third case in which calling against a possible semi-bluff
might be a good play is what I might call the delayed
semi-bluff raise. It's a play I make against very
tough players who frequently semi-bluff and who are
thoroughly familiar with the ordinary semi-bluff raise
as a response to their semi-bluffs.
Here's how it works. In seven-card stud I might have
a queen showing and a queen in the hole, giving me
a pair of queens, and an opponent with a king showing
raises. I suspect this person might be semi-bluffing
with maybe a small pair or even less, but I just call.
On the next card we both catch blanks, and the opponent
comes out firing. What I do now is raise! I raise
with a pair of queens into a possible pair of kings.
It may seem like a strange play, but it adds a confusing
twist to the ordinary semi-bluff raise. When I called
the first bet, my opponent suspected I had queens
though I could have had something like a three-flush.
Now when I raise him on fourth street, my opponent
has to wonder whether I've made queens up. Unless
he really does have two kings, he can't conceivably
call with something like ace, king high. And I want
him to fold even if my pair of queens is the best
hand. I want him to make a mistake according to the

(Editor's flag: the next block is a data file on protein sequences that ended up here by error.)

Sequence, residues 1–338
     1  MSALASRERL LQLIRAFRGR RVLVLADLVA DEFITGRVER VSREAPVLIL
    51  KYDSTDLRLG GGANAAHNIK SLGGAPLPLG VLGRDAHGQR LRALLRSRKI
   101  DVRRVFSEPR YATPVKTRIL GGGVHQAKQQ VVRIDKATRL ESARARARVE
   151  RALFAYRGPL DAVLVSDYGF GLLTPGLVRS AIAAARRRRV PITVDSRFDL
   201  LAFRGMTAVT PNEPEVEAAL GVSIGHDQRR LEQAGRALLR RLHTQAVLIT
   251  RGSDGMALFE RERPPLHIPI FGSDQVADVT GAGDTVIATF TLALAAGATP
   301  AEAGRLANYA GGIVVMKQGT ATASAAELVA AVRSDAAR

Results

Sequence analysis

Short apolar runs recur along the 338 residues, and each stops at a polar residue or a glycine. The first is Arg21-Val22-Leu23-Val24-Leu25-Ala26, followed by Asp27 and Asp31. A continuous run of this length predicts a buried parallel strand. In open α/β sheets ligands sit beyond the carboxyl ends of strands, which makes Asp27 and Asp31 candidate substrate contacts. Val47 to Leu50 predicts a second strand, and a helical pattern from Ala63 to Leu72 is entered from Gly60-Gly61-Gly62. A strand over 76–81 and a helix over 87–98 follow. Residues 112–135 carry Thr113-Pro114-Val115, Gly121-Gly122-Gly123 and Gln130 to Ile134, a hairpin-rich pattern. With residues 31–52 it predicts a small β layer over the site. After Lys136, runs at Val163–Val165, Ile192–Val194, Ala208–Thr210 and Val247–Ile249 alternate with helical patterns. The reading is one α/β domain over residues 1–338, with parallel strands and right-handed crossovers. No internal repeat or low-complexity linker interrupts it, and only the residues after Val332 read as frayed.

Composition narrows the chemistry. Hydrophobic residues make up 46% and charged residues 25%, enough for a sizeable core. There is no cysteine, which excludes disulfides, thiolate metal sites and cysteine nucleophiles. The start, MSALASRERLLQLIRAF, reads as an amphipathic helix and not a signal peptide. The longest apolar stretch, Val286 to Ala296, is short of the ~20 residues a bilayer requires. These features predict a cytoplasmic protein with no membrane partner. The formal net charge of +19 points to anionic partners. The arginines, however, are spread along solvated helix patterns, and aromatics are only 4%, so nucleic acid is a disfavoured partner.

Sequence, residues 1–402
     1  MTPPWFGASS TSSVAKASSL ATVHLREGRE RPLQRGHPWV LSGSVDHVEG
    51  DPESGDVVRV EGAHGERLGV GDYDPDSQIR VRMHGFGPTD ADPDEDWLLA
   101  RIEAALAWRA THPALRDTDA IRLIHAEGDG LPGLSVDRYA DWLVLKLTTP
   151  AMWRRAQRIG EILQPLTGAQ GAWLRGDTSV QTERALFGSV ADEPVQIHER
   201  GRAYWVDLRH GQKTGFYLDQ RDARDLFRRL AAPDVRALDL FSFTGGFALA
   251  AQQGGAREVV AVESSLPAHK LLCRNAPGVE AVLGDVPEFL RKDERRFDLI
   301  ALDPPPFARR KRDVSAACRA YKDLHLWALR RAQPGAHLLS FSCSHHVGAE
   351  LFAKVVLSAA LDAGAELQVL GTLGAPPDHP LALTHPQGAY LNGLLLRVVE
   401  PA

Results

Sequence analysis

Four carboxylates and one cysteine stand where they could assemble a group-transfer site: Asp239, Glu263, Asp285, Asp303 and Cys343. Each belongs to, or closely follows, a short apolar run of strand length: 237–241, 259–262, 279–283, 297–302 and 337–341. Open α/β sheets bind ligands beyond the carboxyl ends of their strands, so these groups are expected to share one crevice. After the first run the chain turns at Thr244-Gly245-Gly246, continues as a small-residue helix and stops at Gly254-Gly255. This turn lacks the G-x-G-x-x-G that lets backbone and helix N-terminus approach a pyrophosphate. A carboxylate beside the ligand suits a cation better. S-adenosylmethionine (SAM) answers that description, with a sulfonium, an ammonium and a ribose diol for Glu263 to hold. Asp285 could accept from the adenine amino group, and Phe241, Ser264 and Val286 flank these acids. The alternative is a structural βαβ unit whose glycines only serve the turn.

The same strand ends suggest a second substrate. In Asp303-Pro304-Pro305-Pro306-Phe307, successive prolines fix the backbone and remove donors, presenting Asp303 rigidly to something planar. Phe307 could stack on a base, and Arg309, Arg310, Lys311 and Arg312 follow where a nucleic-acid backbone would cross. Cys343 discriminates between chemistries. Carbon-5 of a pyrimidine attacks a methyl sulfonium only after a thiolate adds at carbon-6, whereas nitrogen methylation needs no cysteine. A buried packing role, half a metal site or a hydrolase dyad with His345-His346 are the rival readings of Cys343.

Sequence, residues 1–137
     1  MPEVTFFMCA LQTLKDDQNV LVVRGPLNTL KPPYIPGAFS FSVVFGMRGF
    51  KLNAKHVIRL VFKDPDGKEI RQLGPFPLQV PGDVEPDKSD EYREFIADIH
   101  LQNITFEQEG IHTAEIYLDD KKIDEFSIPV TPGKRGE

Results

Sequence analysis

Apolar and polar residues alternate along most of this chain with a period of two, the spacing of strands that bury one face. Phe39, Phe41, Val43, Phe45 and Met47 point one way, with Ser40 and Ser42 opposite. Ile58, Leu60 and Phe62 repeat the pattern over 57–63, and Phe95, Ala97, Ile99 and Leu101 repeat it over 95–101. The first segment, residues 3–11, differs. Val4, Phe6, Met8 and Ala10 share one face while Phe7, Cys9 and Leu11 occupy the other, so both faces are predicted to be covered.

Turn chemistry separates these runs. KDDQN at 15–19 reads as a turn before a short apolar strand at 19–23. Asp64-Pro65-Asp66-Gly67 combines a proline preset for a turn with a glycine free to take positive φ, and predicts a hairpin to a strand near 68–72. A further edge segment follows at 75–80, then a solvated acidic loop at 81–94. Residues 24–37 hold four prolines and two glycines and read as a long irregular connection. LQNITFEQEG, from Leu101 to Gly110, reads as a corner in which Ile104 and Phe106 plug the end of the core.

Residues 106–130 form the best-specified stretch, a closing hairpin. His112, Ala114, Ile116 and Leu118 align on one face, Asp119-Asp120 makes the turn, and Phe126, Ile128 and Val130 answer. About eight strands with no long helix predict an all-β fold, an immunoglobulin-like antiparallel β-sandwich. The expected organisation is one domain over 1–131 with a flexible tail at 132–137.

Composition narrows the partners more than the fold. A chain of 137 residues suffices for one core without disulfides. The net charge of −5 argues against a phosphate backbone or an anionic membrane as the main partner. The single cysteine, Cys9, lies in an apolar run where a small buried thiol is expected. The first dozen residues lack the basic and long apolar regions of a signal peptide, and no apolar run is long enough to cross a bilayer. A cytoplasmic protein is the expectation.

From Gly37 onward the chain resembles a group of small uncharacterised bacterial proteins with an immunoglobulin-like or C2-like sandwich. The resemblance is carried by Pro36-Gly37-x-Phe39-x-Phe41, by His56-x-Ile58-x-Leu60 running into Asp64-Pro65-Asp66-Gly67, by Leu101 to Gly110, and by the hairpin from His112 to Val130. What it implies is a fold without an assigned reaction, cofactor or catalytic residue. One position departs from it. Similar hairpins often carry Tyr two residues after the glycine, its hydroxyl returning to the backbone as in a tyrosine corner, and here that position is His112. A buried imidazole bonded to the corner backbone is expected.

Fundamental Theorem of Poker, because with a couple
of over cards or with, say, a small pair and one over
card, he is getting sufficient odds for a call.
Suppose, though, my opponent really does have kings.
Well, I'm not in the best of shape, but my opponent
most likely won't reraise, fearing I have queens up.
Furthermore, he'll check to me on the next round if
his hand hasn't improved, and I can get myself a free
card. Should this card happen to give me an open pair,
it would be very difficult even for a pair of kings
to call my bet since it looks as if there's a good
chance I've now made a full house.
one might debate the merits of questionable grooming
habits, it's certainly clear that in many ways one
can be more comfortable playing Internet poker than
B&M poker. Leaving the companionship issues aside,
there's a threshold question you should examine before
you decide one of the strong arguments in favor of
Internet poker is that extra comfort.
Is feeling so very comfortable really in your best
interest when playing poker, especially if (as would
seem when playing on the Internet, where the social
aspect is greatly diminished) your goal is to win
A strong case can be made that you don't want to be
quite so comfortable when you play to win. A winning
poker player is focused. He's looking for every clue
he can find, pushing every small edge he can find.